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Australian Primary Mathematics Classroom

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130105 Primary Education (excl. Maori)| 130208 Mathematics and Numeracy Curriculum and Pedagogy| 130313 Teacher Education and Professional Development of Educators

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This article focuses on the use of a handful of free online tools that can be used to liven up and support mathematics learning in lessons and activities that take place inside or outside the primary mathematics classroom. While some of these tools have been purposefully developed for use in mathematics learning contexts, others have been developed for different purposes, quite apart from mathematics. Tools such as the interactive number board ( and virtual chance tools such as virtual dice ( and virtual spinners ( are examples of online tools that have been purposefully designed for use in mathematics learning activities. The online stopwatch ( can be used when students are learning about many aspects of the Australian Curriculum, especially the Content Descriptions focused on "using units of measurement" and "explaining time durations". However, language-based tools such as Wordle (, a word cloud creator, and the online game-creation tool, Quizlet (, have not necessarily been created with mathematics in mind. Despite the original intention of their design, this article outlines methods in which these two language-based online tools can be used in mathematics learning and teaching contexts.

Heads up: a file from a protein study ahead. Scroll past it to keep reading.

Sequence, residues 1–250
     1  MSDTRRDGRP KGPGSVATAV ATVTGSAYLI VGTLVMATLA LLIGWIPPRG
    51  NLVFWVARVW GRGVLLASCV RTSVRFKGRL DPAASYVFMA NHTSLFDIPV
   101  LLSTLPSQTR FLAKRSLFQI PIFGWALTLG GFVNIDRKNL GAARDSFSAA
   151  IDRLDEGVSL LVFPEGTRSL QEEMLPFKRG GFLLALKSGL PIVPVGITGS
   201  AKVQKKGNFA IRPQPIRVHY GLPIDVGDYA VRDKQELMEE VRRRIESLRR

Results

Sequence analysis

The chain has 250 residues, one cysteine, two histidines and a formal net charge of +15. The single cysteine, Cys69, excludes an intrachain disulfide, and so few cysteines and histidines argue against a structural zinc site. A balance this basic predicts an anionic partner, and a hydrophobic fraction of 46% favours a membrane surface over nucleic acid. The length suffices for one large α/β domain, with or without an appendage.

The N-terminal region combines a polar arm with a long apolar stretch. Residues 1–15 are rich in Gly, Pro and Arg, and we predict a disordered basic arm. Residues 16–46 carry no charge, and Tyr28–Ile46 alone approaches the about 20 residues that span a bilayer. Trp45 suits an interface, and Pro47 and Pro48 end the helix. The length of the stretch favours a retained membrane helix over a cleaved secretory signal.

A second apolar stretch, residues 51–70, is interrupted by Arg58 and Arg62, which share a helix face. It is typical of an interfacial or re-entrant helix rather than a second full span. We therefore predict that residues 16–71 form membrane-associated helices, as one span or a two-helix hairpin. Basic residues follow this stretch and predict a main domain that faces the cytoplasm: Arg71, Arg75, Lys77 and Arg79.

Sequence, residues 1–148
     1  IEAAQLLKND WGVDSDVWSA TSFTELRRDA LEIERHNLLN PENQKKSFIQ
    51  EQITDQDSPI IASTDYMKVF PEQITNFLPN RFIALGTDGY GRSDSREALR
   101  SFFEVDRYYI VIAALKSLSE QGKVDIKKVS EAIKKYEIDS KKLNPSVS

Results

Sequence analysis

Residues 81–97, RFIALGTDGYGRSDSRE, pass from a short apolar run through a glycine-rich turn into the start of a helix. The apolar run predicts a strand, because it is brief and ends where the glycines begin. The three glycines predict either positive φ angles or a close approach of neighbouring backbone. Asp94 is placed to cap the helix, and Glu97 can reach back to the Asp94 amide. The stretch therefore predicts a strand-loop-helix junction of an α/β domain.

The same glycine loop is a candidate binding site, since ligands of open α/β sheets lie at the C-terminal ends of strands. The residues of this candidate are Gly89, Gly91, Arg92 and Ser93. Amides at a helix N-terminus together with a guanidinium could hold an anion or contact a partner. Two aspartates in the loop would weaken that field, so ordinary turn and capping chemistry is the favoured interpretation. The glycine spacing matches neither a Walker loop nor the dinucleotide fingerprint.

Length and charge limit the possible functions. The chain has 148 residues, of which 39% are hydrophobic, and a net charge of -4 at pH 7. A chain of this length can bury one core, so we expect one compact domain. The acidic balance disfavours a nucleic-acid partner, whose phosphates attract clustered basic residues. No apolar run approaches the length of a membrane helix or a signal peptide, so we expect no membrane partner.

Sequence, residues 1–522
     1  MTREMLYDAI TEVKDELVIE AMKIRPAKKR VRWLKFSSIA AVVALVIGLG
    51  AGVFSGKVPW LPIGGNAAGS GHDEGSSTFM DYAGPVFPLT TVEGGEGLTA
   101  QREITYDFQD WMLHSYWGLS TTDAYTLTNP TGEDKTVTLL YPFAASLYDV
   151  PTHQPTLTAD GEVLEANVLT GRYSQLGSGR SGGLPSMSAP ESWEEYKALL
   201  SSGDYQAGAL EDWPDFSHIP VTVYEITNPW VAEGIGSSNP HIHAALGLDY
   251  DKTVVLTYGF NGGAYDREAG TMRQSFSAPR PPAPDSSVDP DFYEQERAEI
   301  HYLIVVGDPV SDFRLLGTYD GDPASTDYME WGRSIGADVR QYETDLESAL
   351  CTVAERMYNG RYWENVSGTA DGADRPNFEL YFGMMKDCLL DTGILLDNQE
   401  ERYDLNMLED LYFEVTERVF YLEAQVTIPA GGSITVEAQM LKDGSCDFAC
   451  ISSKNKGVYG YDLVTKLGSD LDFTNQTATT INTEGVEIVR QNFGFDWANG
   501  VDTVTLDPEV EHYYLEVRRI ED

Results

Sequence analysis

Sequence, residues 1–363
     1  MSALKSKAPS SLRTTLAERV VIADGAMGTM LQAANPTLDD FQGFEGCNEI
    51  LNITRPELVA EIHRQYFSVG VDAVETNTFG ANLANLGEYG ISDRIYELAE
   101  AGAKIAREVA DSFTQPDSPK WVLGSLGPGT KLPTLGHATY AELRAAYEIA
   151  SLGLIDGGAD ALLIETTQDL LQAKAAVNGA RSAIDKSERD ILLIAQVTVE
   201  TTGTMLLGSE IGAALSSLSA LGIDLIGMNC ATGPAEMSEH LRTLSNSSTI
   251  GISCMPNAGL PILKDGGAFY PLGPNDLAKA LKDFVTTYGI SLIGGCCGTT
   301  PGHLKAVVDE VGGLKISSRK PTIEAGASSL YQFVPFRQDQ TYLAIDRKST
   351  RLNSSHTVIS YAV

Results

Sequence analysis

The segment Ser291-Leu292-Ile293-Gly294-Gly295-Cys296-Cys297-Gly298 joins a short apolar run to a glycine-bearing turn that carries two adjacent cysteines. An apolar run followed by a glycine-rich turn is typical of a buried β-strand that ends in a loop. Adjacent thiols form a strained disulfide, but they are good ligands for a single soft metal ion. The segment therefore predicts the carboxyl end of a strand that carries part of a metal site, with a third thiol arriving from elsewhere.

As well as recognising the functional uses of the five online tools presented in this article, they have also been evaluated in terms of their capacity to engage and motivate students in primary mathematics classrooms. Attard's framework for engagement with mathematics in the primary classroom acknowledges the powerful role of motivation in engagement as well as the value of acknowledging students' views about engagement in mathematics lessons (Attard, 2012a, 2012b). In their discussion of the value of hands-on and virtual manipulatives, Swan and Marshall (2010) reviewed Perry and Howard's research on mathematics manipulative materials (Perry & Howard, 1997). Their work extends our understanding of hands-on mathematics manipulative materials to incorporate the use of virtual mathematics manipulatives. Together, these researchers and educators provide a contextual backdrop in which the theme of engagement in the mathematics classroom informs an evaluative guide that can be used to determine the quality of an online tool for mathematics learning in primary schools.

This article presents a review of five technological tools that primary mathematics teachers and students can use in mathematics activities inside and outside their primary school classrooms. Each of the five tools outlined in this article have been classified and evaluated according to the Enhanced Engagement Evaluation Guide above.

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Used by permission: Australian Association of Mathematics Teachers Inc. and the author.

Staff and Students of Avondale College may access this article via a library PRIMO search here.

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